The city’s plan to close Rikers by 2027 is “not a perfect plan, but it’s the best plan thus far. And to do the bold and necessary thing—to see this plan through to completion—will take moral courage and political leadership.”
‘Jail separates people from work and family, jeopardizes stable housing, and subjects them to violence, especially in inhumane environments like Rikers. Incarceration must be the option of last resort, used only when it is essential for public safety.’
A look at City Limits’ coverage is far from a comprehensive rendering of the Rikers saga. But it does provide a sense of how long this argument has been going on, of the twists and turns it has taken, and of the many passionate viewpoints New Yorkers have about it.
‘This is the right time for the city to also make a bold commitment to support people with serious and persistent mental and behavioral health needs, in ways that will prevent contact (or further contact) with law enforcement at every possible juncture.’
Ayana Smith and Mariela Mariano |
The division between people who support the de Blasio administration plan to site a new jail in the Bronx to facilitate the closing of Rikers and those who don’t is about a lot more than the location.
‘An impartial and fair assessment of this process can lead to only one conclusion: Closing Rikers will lead to a more just New York.’
While many Bronx politicians oppose the specific site the mayor has targeted for a new facility to partly replace Rikers Island, a vocal coalition of protesters is calling for an end to jails and policing as we know it.
Not so fast. With Raise the Age going into effect this week, the city’s 16- and 17-year-olds in custody are just moving from one jail to another.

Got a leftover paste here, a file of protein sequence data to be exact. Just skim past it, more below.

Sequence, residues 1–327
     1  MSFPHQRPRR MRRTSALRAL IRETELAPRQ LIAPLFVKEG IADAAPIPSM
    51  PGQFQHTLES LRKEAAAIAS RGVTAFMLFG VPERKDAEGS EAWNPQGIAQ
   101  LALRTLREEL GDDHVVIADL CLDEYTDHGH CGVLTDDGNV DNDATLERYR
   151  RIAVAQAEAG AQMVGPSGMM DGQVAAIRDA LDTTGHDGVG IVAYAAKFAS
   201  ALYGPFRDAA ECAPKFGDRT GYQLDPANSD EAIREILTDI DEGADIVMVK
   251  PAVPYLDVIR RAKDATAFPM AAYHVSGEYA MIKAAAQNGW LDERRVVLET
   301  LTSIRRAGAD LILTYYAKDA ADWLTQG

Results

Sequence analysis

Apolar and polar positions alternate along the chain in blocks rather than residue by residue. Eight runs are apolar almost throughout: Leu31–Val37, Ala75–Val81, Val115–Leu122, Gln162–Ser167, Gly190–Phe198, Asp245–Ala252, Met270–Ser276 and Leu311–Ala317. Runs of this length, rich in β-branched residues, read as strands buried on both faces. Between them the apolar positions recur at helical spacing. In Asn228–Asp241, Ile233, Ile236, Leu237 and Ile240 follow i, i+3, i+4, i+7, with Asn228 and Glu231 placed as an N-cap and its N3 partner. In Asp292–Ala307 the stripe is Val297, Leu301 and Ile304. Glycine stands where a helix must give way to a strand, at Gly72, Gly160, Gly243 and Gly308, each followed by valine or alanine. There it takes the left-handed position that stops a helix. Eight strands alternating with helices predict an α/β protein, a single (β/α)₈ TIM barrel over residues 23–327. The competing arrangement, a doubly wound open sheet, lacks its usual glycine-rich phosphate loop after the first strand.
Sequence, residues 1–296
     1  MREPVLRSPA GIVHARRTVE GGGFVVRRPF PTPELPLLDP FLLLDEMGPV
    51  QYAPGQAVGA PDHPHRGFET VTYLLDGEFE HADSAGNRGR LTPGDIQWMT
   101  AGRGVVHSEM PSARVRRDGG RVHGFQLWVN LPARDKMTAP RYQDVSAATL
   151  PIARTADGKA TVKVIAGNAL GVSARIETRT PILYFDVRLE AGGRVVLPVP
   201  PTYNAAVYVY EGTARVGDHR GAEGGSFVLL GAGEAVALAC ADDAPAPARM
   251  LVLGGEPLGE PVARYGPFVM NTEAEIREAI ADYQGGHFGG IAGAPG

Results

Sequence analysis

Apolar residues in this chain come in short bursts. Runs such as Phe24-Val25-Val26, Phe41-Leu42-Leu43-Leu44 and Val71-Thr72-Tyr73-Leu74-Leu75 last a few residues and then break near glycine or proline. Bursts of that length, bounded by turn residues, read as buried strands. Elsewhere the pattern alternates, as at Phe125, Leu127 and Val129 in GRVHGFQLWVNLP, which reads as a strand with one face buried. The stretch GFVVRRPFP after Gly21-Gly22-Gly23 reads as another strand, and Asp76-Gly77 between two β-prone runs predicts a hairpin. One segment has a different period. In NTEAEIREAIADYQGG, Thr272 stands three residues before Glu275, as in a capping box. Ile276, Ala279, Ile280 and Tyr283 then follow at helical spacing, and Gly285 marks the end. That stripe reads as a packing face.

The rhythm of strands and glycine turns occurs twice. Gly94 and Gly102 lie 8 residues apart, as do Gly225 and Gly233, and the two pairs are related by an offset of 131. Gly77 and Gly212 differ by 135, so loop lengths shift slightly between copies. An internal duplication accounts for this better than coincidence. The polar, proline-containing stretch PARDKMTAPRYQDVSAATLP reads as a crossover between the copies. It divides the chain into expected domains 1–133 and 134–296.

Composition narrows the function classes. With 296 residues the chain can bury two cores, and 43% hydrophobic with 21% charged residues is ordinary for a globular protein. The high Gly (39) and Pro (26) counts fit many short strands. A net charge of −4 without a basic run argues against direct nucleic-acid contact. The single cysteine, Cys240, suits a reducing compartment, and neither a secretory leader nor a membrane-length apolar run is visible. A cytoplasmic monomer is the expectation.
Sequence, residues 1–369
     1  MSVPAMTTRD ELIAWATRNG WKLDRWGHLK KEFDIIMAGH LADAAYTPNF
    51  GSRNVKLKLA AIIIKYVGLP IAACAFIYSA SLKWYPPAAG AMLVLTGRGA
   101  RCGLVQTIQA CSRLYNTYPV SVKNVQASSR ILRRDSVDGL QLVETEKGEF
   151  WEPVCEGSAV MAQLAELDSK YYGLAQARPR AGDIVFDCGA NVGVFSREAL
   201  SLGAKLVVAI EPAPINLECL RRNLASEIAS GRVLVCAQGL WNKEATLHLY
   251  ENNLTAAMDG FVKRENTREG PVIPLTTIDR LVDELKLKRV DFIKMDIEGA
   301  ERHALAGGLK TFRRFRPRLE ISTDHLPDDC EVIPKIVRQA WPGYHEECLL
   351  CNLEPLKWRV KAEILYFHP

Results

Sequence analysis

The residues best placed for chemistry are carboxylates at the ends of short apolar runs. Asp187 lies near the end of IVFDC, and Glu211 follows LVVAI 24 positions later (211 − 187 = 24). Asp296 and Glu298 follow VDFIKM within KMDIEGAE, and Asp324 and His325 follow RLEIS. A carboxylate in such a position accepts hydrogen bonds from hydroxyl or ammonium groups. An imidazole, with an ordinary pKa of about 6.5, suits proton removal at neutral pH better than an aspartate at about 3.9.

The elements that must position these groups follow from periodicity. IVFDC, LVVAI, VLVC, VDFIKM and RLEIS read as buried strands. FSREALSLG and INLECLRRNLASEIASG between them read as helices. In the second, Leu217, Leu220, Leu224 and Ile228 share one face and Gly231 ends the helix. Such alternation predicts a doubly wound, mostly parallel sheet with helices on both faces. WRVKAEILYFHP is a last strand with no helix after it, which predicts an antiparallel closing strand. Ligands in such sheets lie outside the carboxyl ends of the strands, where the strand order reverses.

CityViews: Addressing Trauma is Key to Stopping Violence on Rikers and in the Jails That Will Replace It
‘We must recognize that the culture of violence exists on Rikers Island – and will continue to exist in the new borough facilities that will be built – if concrete measures aren’t taken to directly address and effectively reduce the violence that exists currently.’
In the wake of a state budget that whiffed on criminal justice reform, Gov. Cuomo has continued to chide Mayor de Blasio for sticking to a 10-year timeline for closing Rikers Island that the governor believes is too slow.
Also: Marking the anniversary of Malcolm X’s death.
While there’s a lot of discussion about where new jails might go, the heavier lift might be figuring out how to release enough violent-felony defendants to allow the city to move detainees off the island.
A writer currently incarcerated on the island writes that re-establishing similarly flawed facilities elsewhere will displace the problems on Rikers, but won’t dispense with them.
Whether the timeline is three years or 10, a former Correction captain lays out the issues facing policymakers, officers and inmates.
Albanese described a plan that revolved around thinning out the population on the island and then closing the facilities there that displayed the worst conditions.
The biggest reason for the doubts about de Blasio’s devotion to closing Rikers is that doing so will require tough decisions in a policy area where this mayor faces unusually high expectations and especially acute risks.